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Effect of Two-Dimensional Crystal Orbitals on Fermi Surfaces and Electron Transport in Three-Dimensional Perovskite Oxides. / Dylla, Maxwell Thomas; Kang, Stephen Dongmin; Snyder, Gerald Jeffrey.

In: Angewandte Chemie - International Edition, Vol. 58, No. 17, 16.04.2019, p. 5503-5512.

Research output: Contribution to journalReview article

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AU - Dylla, Maxwell Thomas

AU - Kang, Stephen Dongmin

AU - Snyder, Gerald Jeffrey

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N2 - Perovskite oxides are candidate materials in catalysis, fuel cells, thermoelectrics, and electronics, where electronic transport is vital to their use. While the fundamental transport properties of these materials have been heavily studied, there are still key features that are not well understood, including the temperature-squared behavior of their resistivities. Standard transport models fail to account for this atypical property because Fermi surfaces of many perovskite oxides are low-dimensional and distinct from traditional semiconductors. In this work, the low-dimensional Fermi surfaces of perovskite oxides are chemically interpreted in terms of two-dimensional crystal orbitals that form the conduction bands. Using SrTiO 3 as a case study, the d/p-hybridization that creates these low-dimensional electronic structures is reviewed and connected to its fundamentally different electronic properties. A low-dimensional band model explains several experimental transport properties, including the temperature and carrier-density dependence of the effective mass, the carrier-density dependence of scattering, and the temperature dependence of resistivity. This work highlights how chemical bonding influences semiconductor transport.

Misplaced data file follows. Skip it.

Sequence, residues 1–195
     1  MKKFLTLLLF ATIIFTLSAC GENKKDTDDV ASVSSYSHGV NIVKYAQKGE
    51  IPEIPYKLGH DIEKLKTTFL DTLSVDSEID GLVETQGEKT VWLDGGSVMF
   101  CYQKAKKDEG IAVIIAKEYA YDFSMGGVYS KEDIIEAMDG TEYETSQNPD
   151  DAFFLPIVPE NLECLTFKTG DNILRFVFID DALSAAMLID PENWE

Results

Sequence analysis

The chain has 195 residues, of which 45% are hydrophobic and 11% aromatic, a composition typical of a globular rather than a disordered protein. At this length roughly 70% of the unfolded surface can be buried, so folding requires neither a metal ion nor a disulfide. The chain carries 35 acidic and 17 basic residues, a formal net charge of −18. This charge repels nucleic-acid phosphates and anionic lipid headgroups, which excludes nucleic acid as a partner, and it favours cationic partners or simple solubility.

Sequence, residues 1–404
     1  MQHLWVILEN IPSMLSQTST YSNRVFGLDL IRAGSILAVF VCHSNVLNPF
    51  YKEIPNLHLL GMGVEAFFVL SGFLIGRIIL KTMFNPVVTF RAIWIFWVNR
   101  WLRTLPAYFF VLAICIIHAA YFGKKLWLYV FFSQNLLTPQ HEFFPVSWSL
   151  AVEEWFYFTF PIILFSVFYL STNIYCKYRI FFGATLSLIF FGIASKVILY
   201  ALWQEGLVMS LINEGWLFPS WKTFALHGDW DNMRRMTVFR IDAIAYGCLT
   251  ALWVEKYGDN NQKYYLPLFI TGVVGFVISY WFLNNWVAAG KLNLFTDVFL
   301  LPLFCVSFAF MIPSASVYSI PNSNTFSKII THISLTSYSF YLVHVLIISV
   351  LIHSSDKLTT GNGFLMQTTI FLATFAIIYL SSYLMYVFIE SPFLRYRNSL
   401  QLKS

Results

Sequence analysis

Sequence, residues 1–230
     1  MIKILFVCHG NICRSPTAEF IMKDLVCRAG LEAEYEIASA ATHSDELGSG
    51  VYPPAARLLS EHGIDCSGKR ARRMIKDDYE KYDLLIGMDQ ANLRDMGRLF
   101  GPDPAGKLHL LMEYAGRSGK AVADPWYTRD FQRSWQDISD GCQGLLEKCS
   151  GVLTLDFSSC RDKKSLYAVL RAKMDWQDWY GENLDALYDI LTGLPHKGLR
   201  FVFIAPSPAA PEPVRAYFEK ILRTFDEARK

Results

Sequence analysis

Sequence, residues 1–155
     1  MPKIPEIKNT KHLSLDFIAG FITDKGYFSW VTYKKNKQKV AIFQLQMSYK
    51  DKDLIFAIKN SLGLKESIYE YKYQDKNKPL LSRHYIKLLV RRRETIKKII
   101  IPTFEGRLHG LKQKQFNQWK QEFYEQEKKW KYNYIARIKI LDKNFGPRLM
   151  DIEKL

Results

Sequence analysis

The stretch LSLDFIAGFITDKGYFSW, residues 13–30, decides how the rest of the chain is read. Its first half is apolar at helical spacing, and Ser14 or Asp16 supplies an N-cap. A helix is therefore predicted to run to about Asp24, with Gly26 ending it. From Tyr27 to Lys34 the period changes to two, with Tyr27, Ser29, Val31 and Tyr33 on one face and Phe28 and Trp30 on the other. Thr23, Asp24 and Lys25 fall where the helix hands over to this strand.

AB - Perovskite oxides are candidate materials in catalysis, fuel cells, thermoelectrics, and electronics, where electronic transport is vital to their use. While the fundamental transport properties of these materials have been heavily studied, there are still key features that are not well understood, including the temperature-squared behavior of their resistivities. Standard transport models fail to account for this atypical property because Fermi surfaces of many perovskite oxides are low-dimensional and distinct from traditional semiconductors. In this work, the low-dimensional Fermi surfaces of perovskite oxides are chemically interpreted in terms of two-dimensional crystal orbitals that form the conduction bands. Using SrTiO 3 as a case study, the d/p-hybridization that creates these low-dimensional electronic structures is reviewed and connected to its fundamentally different electronic properties. A low-dimensional band model explains several experimental transport properties, including the temperature and carrier-density dependence of the effective mass, the carrier-density dependence of scattering, and the temperature dependence of resistivity. This work highlights how chemical bonding influences semiconductor transport.